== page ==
(h) THAT on 28th March,2019 the Commandant Critical Infrastructure Unit, issued a redeployment order served upon Claimant and other affected CIPU officers who were serving in various critical facilities.
(i) THAT on 30th March,2019 the Claimant among other officers were transported vide a government vehicle GKB 504T ISUZU CANTER to the new station at Metrological Department Headquarters Nairobi.
(j) THAT the Claimant upon reaching the new duty station, he subsequently and without any justifiable cause disappeared from the station rom 1st April, 2019 as demonstrated by the sampled weekly duty rosters.
(k) THAT on 10th April, 2019 the Commandant CIPU as a matter of procedure dispatched a trace signal to Eldoret West, Turbo and Soy-counties where the Officer is believed to be coming from and/or residing in a bid, if found to inform the officer to report back to duty station. Further a reminder trace signal was sent on 15th April, 2019 to the same stations with a view on following up a response from the station commanders if they were able to establish the whereabouts of the Claimant.
(l) THAT on 15th April, 2019 a response signal was sent from Turbo sub-county AP Commander informing the CIPU Commandant that the Claimant was traced found and duly informed to report back to his duty station.
(m) THAT on 16th April,2019 the Commandant through a letter addressed to the Deputy Inspector General of Administration police requested that the Claimant’s salary be stopped as an initial step towards taking appropriate disciplinary measures against him for the unlawful absenteeism from work.
(n) THAT the on 7th May 2019 the Director, Internal Affairs Unit of the National police Service wrote a letter to the CIPU Commandant requesting the unit to avail all the relevant status of the Claimant having received a formal complaint from the claimant on the what he termed as un-procedural verbal transfer.
(o) THAT on 8th May, 2019, the Commandant CIPU replied to the Director IAU citing the prevailing facts surrounding the disappearance of the Claimant from his duty station.
(p) THAT on 10th May,2019 the Director AIU responded to the Claimant assertions of unprocedural verbal transfer a letter and copied the same to CIPU commandant for information. The Claimant assertions lacked grounds and therefore he was advised to report to his new duty station and concentrate on his assigned duties, which he never heeded.
(q) THAT on 8TH May,2019 the CIPU Commandant sent a presumption of Desertion signal to the Turbo AP Sib-County Commander taking cognizant of the fact that the Claimant being a residence of the area and having declined to report back to work should therefore be presumed a deserter and provisions of Section 94 of the National police Service Act which provides that , A police officer who absents himself from duty without leave or just cause for a period exceeding ten days shall, unless the contrary is proved, be considered to have deserted from the service and that upon reasonable suspicion that any police officer had deserted the service any police officer may arrest that officer without a warrant, and shall there upon take him before a magistrate having jurisdiction in the area in which such person deserted or was arrested.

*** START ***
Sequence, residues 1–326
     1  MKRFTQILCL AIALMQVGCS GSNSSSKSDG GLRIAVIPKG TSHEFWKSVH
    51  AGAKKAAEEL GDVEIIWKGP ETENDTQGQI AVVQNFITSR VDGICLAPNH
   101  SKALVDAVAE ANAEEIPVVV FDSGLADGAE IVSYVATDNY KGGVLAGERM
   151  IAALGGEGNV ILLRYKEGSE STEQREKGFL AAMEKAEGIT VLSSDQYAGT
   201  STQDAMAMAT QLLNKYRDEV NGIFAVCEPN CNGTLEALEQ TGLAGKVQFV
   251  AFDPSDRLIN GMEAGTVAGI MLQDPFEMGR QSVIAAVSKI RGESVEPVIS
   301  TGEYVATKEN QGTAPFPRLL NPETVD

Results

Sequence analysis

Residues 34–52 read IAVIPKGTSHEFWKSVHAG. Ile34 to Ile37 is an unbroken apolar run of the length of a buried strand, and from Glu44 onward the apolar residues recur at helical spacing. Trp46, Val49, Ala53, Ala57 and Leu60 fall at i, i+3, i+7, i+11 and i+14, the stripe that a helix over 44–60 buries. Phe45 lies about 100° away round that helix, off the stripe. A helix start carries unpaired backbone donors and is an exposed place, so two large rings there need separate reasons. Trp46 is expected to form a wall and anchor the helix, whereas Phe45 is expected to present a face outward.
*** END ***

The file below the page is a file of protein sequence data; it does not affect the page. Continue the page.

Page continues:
(r) THAT pursuant to the provisions of the National Police Service Act on the police officers who are presumed to have deserted the service, the officer was charged on 19th November, 2019 before chief Magistrate Court at Mavoko Law Courts for Desertion from service contrary to Section 94(1) of the National Police Service. Arrest warrant was equally issued by the same court on that very day.
(s) THAT the Claimant was subsequently vide Kenya Police Gazette No.7 through the Director Criminal Investigations published as a wanted person.
3. In submissions in support of the application counsel for the applicant Ms Luseria submitted that the alleged deployment letter was never served on the applicant and that the purported redeployment order alleged to have been issued upon the applicant could not suffice as procedural and lawful notification of transfer which in any case should be addressed to the individual. This according to counsel was a requirement under regulation 7(1) and (2) of the National Police Service Commission (Transfer and Deployment) regulations 2015. Verbal transfer was therefore unlawful counsel further submitted that the oral transfer was done in an arbitrary and unfair manner amounting to an abuse and improper exercise of authority.
4. Ms Luselia further contended that according to the regulations a transfer should not be used as a disciplinary sanction or reward measure and where it was found that a transfer has been so used, the Commission shall revoke the transfer and direct appropriate disciplinary action to be taken against any officer responsible. Further, the purported redeployment letter dated 28th March, 2019 was done by the Commanding Officer Infrastructure Protection Unit which was unprocedural.
5. Counsel further submitted that every person had the right to administrative action that was efficient, lawful, reasonable and procedurally fair. The applicant requested for the alleged disciplinary proceedings alleged to have taken place against him but the same were not supplied.
6. Counsel for the Respondent on its part submitted that the Court had no jurisdiction to decide the issue raised in the Notice of Motion. According to Counsel, the facts as pleaded go beyond the scope judicial review and tests the meritocracy of the respondent’s alleged decision issued by Sergeant Mairigi . According counsel, contrary to the Claimant’s allegations of transfer he was actually redeployed from CIPU to non- strategic following complaints of misconduct and unbecoming behaviour while he was serving at CIPU. The applicant upon redeployment deserted duty without any justifiable basis leading to his arrest and arraignment. This was a normal employer – employee dispute where an employee was merely claiming he was transferred unfairly while the employer maintained the Claimant deserted duty. The matter surrounds the validity or otherwise of the impugned decision to transfer the applicant. The issue in the dispute could be resolved through an ordinary claim where viva voce evidence could be called.